The New York Times
October 21, 2005

Chinese on a Grand Tour


SINGAPORE, Oct. 20 - There was near-pandemonium at the L'Or閍l cosmetics counter. With only hours before the end of their weeklong National Day holiday earlier this month, a busload of package tourists from China descended on a local department store here and began clamoring for all the skin refiner and "wrinkle de-crease" they could buy.

Karen Eu, one of three clerks attending to them and herself of Chinese ancestry, opened her eyes wide in exasperation. "Oh, my God," she said as she carried another fistful of Chinese yuan to the cash register. "They talk so loud I have to yell until my throat hurts."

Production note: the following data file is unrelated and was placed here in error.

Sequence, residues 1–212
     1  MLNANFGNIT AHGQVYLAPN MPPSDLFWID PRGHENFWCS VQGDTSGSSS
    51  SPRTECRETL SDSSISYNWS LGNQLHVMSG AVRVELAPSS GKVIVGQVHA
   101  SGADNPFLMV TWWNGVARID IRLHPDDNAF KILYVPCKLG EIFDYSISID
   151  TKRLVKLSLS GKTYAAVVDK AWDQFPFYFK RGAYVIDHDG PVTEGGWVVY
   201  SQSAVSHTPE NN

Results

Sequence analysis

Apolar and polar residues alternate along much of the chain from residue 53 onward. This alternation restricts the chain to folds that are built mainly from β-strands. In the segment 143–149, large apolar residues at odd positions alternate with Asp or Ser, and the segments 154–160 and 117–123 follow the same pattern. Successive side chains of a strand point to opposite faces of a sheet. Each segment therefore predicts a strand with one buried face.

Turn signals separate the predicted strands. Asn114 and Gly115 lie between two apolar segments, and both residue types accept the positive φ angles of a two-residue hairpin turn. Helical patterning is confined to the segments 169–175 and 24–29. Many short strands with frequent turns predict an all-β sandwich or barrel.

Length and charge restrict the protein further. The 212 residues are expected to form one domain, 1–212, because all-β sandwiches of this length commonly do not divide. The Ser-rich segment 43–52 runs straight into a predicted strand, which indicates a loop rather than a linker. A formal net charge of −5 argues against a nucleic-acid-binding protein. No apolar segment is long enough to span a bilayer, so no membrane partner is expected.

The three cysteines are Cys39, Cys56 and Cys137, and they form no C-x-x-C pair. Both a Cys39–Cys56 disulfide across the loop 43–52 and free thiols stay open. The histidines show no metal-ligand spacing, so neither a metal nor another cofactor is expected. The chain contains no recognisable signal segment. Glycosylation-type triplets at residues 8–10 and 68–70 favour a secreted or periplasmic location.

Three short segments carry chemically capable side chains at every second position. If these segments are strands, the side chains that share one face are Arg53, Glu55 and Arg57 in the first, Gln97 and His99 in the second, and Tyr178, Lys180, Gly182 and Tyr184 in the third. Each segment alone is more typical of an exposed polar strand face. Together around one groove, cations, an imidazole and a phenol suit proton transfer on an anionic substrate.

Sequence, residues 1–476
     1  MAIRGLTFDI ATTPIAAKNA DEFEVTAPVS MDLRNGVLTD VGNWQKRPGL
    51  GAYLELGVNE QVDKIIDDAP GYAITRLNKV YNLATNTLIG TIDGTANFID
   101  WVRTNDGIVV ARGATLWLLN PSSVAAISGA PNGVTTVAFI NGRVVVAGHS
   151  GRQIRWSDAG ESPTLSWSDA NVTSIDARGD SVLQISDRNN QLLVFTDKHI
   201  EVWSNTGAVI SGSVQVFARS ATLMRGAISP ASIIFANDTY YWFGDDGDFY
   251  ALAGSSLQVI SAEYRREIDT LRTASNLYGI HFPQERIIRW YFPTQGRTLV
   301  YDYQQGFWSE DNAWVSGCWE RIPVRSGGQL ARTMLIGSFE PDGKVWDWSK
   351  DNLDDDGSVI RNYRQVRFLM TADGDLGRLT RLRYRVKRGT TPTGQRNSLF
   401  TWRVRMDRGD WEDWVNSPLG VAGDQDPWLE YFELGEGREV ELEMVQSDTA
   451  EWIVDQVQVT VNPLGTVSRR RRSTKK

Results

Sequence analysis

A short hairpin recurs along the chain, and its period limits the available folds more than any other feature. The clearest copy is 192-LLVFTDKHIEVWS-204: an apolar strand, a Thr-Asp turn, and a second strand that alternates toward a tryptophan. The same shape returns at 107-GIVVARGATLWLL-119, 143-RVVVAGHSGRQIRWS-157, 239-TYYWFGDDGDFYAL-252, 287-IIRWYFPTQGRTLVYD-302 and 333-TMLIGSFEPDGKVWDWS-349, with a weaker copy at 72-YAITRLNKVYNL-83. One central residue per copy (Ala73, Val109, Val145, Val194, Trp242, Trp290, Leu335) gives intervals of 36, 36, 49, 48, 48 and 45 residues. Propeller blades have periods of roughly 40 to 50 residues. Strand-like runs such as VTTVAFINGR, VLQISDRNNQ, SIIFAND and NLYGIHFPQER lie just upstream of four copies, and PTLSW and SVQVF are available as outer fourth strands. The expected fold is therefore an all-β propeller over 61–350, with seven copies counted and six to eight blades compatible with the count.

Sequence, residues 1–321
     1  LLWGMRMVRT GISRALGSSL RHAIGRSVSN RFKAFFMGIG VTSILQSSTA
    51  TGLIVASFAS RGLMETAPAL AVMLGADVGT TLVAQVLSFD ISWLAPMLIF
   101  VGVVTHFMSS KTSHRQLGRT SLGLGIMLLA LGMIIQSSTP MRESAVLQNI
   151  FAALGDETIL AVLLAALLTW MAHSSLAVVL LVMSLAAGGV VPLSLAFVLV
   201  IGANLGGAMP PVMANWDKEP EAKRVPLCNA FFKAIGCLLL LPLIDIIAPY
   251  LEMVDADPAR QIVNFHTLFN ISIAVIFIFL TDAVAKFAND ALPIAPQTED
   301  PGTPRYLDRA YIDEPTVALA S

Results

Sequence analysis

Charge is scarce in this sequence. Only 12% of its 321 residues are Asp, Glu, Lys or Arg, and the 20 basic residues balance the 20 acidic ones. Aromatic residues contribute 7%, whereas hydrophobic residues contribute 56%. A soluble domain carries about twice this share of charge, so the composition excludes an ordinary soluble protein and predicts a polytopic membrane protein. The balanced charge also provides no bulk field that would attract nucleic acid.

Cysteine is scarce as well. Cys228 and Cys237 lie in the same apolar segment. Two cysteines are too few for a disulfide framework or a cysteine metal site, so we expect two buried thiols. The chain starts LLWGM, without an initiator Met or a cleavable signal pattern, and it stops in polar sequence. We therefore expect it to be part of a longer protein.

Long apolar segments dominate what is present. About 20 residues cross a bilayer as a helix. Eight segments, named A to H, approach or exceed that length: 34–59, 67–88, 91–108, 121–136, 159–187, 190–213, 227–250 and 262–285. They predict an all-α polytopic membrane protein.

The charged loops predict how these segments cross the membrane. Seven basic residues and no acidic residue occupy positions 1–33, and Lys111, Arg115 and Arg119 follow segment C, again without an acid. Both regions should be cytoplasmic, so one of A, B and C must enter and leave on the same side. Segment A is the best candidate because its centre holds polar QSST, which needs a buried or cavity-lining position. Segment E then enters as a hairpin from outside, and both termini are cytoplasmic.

China's rapid economic growth has fostered a tourist boom among the mainland Chinese, with Southeast Asia the favorite destination, at least for now. The surge in package tour groups from China, an important source of income for the region, is also giving rise to an unflattering stereotype: the loud, rude and culturally na飗e Chinese tourist.

Sound familiar? The tide of travelers from China mirrors the emergence of virtually every group of overseas tourists since the Romans, from Britons behaving badly in the Victorian era and ugly Americans in postwar Europe to the snapshot-happy Japanese of the 1980's.

So it is not much of a surprise that tourists from mainland China, often going abroad for the first time, are leaving similar complaints in their wake.

But China is also manufacturing its own twist on the age-old tale, as became apparent in July when a group of more than 300 from China took umbrage at illustrations of a pig's face on their check-in vouchers at a casino resort in predominantly Muslim Malaysia.